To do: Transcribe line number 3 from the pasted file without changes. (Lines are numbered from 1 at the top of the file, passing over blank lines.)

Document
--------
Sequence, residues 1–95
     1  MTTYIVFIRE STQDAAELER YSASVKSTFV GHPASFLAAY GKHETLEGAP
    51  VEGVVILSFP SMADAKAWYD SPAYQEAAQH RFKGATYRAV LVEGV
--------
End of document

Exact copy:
    51  VEGVVILSFP SMADAKAWYD SPAYQEAAQH RFKGATYRAV LVEGV